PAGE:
How to Make Your Donors Feel Like a Million Bucks

Donor Love

When people give to causes that are deeply meaningful to them, they feel like a million bucks.

Understanding this — truly, deeply understanding this — is so important I’m going to repeat it in bold and italics.

When people give to causes that are deeply meaningful to them, they feel like a million bucks.

This is the key to successful fundraising. It’s how you create “donor love.” You might already get that. I hope you do. But probably not everyone involved in your nonprofit does.

Do you have board members, for example, that seem completely intimidated by the prospect of fundraising? They’re just not sure how to go about it?

I’m writing this post because I want people to share this with their boards so that they can understand that it makes people feel like a million bucks when they give to causes that are deeply meaningful to them. There, I repeated it a third time.

So what does a fundraising program look like that helps donors feel like a million bucks?

Today rather than tell, I’m going to show.

Here are two scenarios in which I have stood with my wife as a donor. I want to demonstrate what meaningful giving looks like… and what it doesn’t.


There is one particular canvasser who comes to our door every single year, rain or shine. Usually rain.

We recognize her. She remembers us – she is a first rate canvasser. She has subscribed to this blog in fact.

We invite her in for a chat and give $25. The last time she came, we were (embarrassingly) watching the network remake of Peter Pan. She knew as many songs as I did. I might have given $50 to her that year.

It’s a pleasant moment for us. But here’s the thing… for the life of me, I have no idea what organization she represents. I simply don’t remember as I’m writing this. It’s something about the environment (I think) but the name of the organization? No clue. I’d have to go find the receipt.

She was very grateful and I suppose that was supposed to take care of the gratitude and the information quota for the year.

You’ve probably been in a similar situation. How did you feel? Did you ever give a donation to someone who called or knocked on your door, but really you gave to get back to dinner, to get the fundraiser out of your hair? Maybe it was raining and the person at your door looked like a drowned rat. Too pathetic to turn away.

This is a “throwaway gift.” Maybe you care about the cause (certainly you’re not against it) but you don’t know a great deal about the organization and what it does. Mostly you wish you hadn’t picked up the phone. Or wish that your lights were out when the doorbell rang.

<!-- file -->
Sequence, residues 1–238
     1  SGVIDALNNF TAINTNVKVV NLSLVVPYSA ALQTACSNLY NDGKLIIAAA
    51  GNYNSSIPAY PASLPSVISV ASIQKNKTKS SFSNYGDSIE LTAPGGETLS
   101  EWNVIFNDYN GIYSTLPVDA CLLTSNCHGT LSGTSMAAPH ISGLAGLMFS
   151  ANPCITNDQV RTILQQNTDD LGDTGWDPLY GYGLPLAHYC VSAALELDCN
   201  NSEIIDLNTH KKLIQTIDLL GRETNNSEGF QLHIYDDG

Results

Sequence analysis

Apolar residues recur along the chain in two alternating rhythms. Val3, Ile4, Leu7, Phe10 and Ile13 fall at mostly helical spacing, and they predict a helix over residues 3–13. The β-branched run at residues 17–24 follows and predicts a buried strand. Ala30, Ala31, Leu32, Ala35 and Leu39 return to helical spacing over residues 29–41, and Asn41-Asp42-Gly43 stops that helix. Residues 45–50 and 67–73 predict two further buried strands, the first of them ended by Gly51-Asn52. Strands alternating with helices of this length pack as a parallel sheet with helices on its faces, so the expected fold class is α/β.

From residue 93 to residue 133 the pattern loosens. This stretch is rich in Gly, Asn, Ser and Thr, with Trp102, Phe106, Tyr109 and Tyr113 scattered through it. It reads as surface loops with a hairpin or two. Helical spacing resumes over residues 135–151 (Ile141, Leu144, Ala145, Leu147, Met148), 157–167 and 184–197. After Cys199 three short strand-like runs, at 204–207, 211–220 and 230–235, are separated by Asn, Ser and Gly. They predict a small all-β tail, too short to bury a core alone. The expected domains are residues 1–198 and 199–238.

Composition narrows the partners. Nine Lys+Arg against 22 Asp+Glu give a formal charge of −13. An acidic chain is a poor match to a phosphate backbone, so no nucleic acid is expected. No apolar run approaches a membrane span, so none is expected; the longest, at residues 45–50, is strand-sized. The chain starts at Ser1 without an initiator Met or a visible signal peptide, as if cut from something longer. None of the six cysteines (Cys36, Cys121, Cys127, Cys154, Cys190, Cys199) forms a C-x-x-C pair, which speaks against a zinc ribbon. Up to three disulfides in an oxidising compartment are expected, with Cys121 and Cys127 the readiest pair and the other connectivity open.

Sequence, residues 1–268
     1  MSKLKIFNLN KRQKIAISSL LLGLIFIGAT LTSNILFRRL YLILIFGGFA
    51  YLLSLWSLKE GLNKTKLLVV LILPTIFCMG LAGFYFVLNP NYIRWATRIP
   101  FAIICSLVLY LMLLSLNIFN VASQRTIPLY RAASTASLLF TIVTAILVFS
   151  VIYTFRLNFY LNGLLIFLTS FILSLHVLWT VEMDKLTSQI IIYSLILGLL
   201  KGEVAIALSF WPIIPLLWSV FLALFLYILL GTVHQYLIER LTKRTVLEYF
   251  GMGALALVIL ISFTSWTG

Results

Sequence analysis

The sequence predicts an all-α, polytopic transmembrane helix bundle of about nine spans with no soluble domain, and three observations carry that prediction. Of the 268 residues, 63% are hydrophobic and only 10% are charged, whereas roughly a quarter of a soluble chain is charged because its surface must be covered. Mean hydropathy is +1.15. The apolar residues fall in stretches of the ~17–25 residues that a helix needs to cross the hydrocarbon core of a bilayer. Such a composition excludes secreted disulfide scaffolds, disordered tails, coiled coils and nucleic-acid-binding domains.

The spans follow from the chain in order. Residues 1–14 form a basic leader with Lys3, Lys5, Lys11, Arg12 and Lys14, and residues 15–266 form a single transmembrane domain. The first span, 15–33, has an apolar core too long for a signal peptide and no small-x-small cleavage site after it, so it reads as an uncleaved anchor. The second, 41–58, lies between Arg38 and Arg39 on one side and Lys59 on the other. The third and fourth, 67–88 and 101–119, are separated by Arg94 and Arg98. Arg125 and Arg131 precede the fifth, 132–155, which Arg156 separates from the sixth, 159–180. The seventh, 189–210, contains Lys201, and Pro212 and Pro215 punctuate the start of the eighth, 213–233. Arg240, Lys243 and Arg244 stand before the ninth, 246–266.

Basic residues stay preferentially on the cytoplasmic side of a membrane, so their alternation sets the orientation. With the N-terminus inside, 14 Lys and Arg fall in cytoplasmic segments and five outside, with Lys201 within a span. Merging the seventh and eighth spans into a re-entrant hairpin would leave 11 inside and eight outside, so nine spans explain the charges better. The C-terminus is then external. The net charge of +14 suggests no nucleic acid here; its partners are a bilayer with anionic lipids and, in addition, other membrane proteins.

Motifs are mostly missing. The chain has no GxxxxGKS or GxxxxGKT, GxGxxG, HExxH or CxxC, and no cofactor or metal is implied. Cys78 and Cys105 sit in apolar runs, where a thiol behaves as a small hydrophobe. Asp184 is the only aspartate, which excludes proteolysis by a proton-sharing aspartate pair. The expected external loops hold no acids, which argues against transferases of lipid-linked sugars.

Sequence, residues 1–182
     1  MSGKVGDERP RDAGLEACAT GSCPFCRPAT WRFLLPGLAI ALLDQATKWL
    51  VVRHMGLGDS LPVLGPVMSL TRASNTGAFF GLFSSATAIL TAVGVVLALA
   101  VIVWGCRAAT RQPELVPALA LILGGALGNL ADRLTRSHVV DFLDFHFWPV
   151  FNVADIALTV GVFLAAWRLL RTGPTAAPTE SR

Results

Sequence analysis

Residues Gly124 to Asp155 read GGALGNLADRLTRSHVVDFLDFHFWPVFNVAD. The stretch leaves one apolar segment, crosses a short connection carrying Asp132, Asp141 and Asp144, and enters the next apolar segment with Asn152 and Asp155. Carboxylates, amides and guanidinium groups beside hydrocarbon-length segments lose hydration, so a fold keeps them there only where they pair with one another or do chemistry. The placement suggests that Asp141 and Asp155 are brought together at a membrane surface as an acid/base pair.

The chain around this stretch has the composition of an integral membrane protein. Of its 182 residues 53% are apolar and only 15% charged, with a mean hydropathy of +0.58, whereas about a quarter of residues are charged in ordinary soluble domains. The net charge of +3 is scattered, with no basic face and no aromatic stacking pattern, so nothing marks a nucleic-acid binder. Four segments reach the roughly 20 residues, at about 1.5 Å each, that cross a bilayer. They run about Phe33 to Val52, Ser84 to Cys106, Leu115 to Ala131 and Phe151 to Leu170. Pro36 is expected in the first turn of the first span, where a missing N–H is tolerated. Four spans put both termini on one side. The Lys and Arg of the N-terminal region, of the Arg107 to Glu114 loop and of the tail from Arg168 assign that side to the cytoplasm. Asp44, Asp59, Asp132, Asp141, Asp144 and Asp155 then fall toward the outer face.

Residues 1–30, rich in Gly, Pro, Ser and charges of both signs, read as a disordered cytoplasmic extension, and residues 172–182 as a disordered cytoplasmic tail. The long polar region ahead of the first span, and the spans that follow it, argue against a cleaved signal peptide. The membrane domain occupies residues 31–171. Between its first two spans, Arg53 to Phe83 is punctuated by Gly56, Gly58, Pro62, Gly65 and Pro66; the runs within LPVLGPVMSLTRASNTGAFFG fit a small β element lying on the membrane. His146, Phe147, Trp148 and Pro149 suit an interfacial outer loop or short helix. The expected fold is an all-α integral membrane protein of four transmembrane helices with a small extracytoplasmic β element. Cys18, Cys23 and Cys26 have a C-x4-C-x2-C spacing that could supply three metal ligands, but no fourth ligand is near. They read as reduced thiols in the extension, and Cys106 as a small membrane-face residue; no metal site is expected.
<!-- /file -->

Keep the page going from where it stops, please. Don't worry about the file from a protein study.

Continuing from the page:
This is not a gift that’s “sticky.” The technical term is “renewable” but “sticky” creates an image – the gift is not likely to stick to the organization next year.

Transaction. Not relationship.

The $25 gift we gave to our annual canvasser will not stick. If we’re not home next year when she comes around, the organization whose name I cannot remember will not get our gift.

When I use the word “sticky,” yes, I mean that it will have a high likelihood of renewal. But I also mean something else.

A meaningful gift sticks with you. It’s in your head and your heart. The organization itself has deep meaning for you. It develops strategies to bring the organization to life for you throughout the year.

That brings me to scenario #2. I’d like to put you in the shoes of a donor who makes that kind of gift. A sticky one. The one that makes a donor feel like a million bucks. Donor love.

You’re going to see a very big and important difference.


Our three kids had the privilege of experiencing private grade school at the Montclair Cooperative School before heading off to public high school.

Tuition is less than other private schools in the area because parents are obligated to assist in the classroom a few times every month. Because of this, the community becomes very close. I call it the “Cheers” of grade schools (where everyone literally knows your kids’ name – teachers and parents).

You get the idea.

The school understands that learning is interdisciplinary, that we learn best through experience, and that a strong social curriculum is missing from a society that is so desperately hungry for empathic world citizens who can manage conflict and live generously. And so in the upper school, trips are built into the curriculum. Ten day trips. Trips that stretch the kids. That transform them.